– How to practice safe sacking.

Employers cannot dismiss employees without having regard to the law. Particular precautions apply where an employee is redundant, or believes they have been discriminated against on grounds of race, sex or disability.

But any dismissal needs to be handled carefully, even in cases where employees are apparently caught red-handed committing a serious offence.

There have been significant developments to the law relating to unfair dismissal over the past 18 months, with the implementation of the Employment Relations Act and the Unfair Dismissal and Statement of Reasons for Dismissal Order. These have increased the maximum compensatory award to £51,700 and reduced the qualifying period – from two years to one year – for those wanting to bring a claim against their employer.

If the employer is guilty, the costs can be crippling, not just in terms of compensation but also from the negative publicity. After all, who would want to work for an organisation that is known for treating its staff badly? In the current tight labour market, the worst move your business could make is to hit the headlines for the wrong reasons.

More bad news for employers is that the number of complaints to tribunals leapt by 32 per cent (164,525) between 1999 and 2000.

Sue Nickson, a partner at law firm Hammond Suddards Edge and author of the CIPD’s guide on dismissal, adds: ‘In the vast majority of employment tribunal cases, compensation is the remedy adopted by the tribunal. If employers want to avoid this expense they need to ensure they are aware of changes to the law and of all possible preventative measures.’

The law surrounding unfair dismissal is basically underpinned by good management practice. In September 2000, ACAS updated its code of practice on disciplinary procedure which exists to help employers develop policies to deal fairly with disciplinary issues. By following this code, employers avoid the risk of becoming embroiled in costly legal battles and employees can avoid being dismissed unfairly.

The Employment Rights Act 1996 lists three scenarios where an employee may face dismissal.

These are when the employee’s contract is terminated by the employer, with or without notice; the employee works under a fixed contract and this term expires without renewal; or the employee terminates their contract due to the employer’s conduct – constructive dismissal. In each case, a dismissal may be either fair or unfair.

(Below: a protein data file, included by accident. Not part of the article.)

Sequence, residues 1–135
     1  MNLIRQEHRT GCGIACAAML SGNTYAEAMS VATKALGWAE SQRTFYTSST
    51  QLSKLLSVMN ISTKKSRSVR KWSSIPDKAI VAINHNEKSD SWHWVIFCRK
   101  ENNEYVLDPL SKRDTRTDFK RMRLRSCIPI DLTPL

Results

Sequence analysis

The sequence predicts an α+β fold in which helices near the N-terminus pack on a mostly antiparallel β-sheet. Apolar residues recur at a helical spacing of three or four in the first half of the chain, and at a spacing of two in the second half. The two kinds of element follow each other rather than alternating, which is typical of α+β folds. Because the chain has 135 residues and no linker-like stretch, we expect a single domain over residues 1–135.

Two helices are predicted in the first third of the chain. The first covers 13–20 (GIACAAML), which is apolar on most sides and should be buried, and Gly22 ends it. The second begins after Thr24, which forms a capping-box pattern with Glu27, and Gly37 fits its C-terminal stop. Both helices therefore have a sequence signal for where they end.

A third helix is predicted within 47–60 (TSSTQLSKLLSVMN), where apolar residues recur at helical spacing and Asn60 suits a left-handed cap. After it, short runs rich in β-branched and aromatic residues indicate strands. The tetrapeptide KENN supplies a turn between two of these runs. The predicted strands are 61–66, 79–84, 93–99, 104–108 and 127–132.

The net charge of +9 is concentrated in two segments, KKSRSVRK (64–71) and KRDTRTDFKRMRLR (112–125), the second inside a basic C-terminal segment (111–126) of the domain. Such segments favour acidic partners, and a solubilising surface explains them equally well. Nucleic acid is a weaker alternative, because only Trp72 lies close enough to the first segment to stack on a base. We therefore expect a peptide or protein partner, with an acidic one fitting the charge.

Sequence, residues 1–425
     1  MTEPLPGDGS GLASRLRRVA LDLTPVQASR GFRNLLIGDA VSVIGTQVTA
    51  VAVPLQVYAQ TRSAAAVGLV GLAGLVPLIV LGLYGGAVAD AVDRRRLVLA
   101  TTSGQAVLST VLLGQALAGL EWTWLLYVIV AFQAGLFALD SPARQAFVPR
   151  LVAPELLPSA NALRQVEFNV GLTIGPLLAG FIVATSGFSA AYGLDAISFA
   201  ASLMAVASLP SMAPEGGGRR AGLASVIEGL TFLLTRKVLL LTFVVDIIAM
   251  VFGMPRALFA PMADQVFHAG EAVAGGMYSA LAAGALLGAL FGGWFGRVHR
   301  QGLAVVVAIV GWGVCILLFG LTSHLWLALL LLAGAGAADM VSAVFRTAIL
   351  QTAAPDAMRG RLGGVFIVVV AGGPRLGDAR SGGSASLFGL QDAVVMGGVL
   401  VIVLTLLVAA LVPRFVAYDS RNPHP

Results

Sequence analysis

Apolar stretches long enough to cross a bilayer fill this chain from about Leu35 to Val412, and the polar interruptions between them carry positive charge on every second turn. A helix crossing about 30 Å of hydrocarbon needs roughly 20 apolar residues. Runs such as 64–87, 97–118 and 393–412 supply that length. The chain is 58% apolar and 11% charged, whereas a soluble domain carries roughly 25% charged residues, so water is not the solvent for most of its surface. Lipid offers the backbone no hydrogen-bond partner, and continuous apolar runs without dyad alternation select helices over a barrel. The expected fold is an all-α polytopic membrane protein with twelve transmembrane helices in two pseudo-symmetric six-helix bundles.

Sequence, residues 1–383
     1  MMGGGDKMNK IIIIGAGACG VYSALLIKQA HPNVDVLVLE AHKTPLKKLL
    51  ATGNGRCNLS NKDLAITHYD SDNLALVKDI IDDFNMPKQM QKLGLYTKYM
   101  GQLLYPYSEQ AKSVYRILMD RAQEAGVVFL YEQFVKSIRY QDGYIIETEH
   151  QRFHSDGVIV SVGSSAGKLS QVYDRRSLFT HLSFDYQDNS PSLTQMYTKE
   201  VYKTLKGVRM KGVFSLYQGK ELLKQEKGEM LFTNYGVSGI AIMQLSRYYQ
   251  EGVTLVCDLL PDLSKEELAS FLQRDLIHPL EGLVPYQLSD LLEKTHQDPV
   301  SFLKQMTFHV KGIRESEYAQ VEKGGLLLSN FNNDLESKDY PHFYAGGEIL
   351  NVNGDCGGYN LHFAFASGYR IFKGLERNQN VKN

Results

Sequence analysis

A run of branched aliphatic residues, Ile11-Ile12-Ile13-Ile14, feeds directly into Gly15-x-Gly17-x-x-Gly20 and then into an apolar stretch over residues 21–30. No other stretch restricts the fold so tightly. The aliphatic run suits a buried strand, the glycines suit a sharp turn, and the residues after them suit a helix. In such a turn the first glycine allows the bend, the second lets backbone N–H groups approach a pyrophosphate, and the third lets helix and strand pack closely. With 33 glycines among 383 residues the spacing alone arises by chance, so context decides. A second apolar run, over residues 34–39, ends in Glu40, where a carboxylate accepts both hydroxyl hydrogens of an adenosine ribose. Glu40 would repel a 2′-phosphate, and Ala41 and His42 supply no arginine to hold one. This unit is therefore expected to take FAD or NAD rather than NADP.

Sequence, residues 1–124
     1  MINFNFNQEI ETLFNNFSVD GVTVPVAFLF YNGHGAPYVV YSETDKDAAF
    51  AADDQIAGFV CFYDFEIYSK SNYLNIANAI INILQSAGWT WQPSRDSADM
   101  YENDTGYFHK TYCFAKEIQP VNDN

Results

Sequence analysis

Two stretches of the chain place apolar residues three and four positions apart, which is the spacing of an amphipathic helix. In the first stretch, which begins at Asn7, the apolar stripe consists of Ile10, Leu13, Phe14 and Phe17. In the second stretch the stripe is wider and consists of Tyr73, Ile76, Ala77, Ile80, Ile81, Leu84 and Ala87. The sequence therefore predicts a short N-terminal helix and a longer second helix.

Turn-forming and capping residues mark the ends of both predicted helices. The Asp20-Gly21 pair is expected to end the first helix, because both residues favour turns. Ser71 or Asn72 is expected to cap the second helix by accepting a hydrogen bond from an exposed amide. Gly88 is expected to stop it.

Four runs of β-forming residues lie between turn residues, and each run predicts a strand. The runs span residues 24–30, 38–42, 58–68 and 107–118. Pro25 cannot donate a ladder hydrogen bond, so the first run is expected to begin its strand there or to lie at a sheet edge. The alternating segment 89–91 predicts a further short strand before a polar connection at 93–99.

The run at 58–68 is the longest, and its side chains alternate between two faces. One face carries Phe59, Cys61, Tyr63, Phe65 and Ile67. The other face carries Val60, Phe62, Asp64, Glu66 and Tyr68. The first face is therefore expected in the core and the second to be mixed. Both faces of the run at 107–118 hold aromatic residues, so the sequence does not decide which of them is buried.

There are a number of circumstances where dismissal can be justified or said to be not unfair. These include: misconduct; inability to do the job; redundancy; some other substantial reason – for example imprisonment or a statutory requirement – such as a chauffeur who has been banned from driving and there is no alternative work on offer. Even though the employer in such cases might have good reason to ‘dismiss’, there are still correct procedures that need to be followed if they wish to avoid being the next organisation with their head above the parapet.

Take for example the case of the employee who is dismissed because of an inability to do the job. Nickson says: ‘The key is that the employer shows that poor performance is the ‘only’ reason for dismissal. They must be able to show that they have acted reasonably, so evidence of incompetence will be required which might include the opinions of supervisors or customers.’

The employer needs to properly address the problem, giving the employee the opportunity to respond to the allegations of poor performance. An appraisal and investigation of performance should be conducted, giving the employee a chance to improve, reaching the standard of performance required.

Nickson adds: ‘Warning the employee of the consequences of not improving is crucial. A dismissal where the employee is not warned is likely to be unfair. The purpose is to give them a chance to improve and for the manager to address problems to do with training, poor management or a genuine inability to do the job.’

Mike Emmott, the CIPD’s adviser on employee relations says: ‘Both parties should agree targets and set timescales so the employee’s performance can be measured for improvements. If the employee’s performance still fails to improve, the employer should consider if there are alternative positions the employee could take before making the decision to dismiss.’

Dismissal automatically becomes unfair when an individual is dismissed for reasons relating to a number of scenarios such as pregnancy, maternity leave, parental leave or time off for dependents; for refusing to forgo rights under the working time regulations or for refusing to work on a Sunday.

Following the publication of the DTI’s recent consultation on reforming employment tribunals, Emmott adds: ‘Where an employee is not happy with the way in which he or she is being treated by the employer, the issue should so far as possible be resolved in the workplace. We welcome the government’s recognition that it is generally preferable to deal with issues on a voluntary basis rather than have recourse to legal enforcement.

It cannot be right that in two-thirds of all complaints to tribunals, the first an employer knows about it is when the tribunal application is lodged.’

The substantial increase in complaints to ACAS, including claims for unfair dismissal, confirms the importance of following the ACAS Code.

By taking time to put such measures in place, employers help to reduce the risk of any brushes with the law and the consequences of damaging publicity.

Good people management practices make business sense and prevention is far better than cure.

  • Imogen Daniels is an adviser on development and resourcing at the Chartered Institute of Personnel and Development.

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